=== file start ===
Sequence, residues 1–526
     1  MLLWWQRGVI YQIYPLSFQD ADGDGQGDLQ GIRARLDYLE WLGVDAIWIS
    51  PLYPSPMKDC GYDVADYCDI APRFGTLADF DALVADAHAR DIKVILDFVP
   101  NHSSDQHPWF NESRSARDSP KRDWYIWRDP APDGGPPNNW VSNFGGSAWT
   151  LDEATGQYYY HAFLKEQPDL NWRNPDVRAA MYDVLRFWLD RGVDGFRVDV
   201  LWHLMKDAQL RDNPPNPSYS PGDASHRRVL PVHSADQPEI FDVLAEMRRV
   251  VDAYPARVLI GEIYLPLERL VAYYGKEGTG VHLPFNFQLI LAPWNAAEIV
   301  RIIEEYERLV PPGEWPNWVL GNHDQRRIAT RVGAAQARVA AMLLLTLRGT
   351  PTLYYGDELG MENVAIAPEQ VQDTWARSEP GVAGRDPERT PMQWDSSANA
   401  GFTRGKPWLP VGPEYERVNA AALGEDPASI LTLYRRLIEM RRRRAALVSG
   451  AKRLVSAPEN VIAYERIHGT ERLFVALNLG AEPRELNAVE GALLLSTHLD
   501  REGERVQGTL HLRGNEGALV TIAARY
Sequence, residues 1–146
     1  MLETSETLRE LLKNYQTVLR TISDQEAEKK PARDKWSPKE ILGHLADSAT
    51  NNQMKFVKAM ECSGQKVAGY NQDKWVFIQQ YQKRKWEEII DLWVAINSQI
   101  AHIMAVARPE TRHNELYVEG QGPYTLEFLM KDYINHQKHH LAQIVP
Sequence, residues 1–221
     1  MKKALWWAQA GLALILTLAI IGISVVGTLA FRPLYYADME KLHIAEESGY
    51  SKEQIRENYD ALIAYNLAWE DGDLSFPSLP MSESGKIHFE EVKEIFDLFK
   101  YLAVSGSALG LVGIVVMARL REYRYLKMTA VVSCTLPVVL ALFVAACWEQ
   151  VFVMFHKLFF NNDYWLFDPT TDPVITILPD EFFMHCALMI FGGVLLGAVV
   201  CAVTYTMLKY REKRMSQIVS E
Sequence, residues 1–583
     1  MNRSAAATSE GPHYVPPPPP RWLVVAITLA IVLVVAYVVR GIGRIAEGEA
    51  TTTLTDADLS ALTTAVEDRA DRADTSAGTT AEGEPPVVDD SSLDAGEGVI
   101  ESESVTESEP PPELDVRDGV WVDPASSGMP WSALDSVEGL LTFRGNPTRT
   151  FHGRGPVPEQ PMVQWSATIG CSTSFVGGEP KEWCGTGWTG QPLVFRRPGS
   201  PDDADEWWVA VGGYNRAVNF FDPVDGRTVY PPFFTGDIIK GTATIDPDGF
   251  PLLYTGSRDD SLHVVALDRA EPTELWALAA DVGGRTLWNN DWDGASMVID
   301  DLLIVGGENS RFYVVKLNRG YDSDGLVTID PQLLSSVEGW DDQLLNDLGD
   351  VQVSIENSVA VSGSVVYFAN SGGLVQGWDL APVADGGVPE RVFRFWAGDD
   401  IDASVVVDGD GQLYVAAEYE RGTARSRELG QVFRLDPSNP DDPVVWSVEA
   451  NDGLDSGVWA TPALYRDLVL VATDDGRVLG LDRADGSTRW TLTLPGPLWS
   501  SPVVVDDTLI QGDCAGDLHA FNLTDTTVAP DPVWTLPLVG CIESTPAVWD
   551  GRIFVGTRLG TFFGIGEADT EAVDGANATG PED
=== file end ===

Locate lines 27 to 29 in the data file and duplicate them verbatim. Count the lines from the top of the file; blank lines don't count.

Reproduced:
   151  FHGRGPVPEQ PMVQWSATIG CSTSFVGGEP KEWCGTGWTG QPLVFRRPGS
   201  PDDADEWWVA VGGYNRAVNF FDPVDGRTVY PPFFTGDIIK GTATIDPDGF
   251  PLLYTGSRDD SLHVVALDRA EPTELWALAA DVGGRTLWNN DWDGASMVID